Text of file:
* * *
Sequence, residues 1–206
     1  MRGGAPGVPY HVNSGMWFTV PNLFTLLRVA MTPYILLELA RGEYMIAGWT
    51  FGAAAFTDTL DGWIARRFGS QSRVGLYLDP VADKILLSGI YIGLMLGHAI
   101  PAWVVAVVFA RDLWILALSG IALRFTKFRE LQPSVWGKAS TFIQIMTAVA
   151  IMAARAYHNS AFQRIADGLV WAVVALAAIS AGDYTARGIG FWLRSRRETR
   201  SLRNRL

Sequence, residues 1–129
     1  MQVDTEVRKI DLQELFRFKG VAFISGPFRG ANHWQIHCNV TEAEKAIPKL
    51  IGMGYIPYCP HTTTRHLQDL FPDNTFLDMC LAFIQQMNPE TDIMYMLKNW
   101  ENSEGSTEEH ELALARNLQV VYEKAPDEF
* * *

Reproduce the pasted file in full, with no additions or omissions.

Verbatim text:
Sequence, residues 1–206
     1  MRGGAPGVPY HVNSGMWFTV PNLFTLLRVA MTPYILLELA RGEYMIAGWT
    51  FGAAAFTDTL DGWIARRFGS QSRVGLYLDP VADKILLSGI YIGLMLGHAI
   101  PAWVVAVVFA RDLWILALSG IALRFTKFRE LQPSVWGKAS TFIQIMTAVA
   151  IMAARAYHNS AFQRIADGLV WAVVALAAIS AGDYTARGIG FWLRSRRETR
   201  SLRNRL

Sequence, residues 1–129
     1  MQVDTEVRKI DLQELFRFKG VAFISGPFRG ANHWQIHCNV TEAEKAIPKL
    51  IGMGYIPYCP HTTTRHLQDL FPDNTFLDMC LAFIQQMNPE TDIMYMLKNW
   101  ENSEGSTEEH ELALARNLQV VYEKAPDEF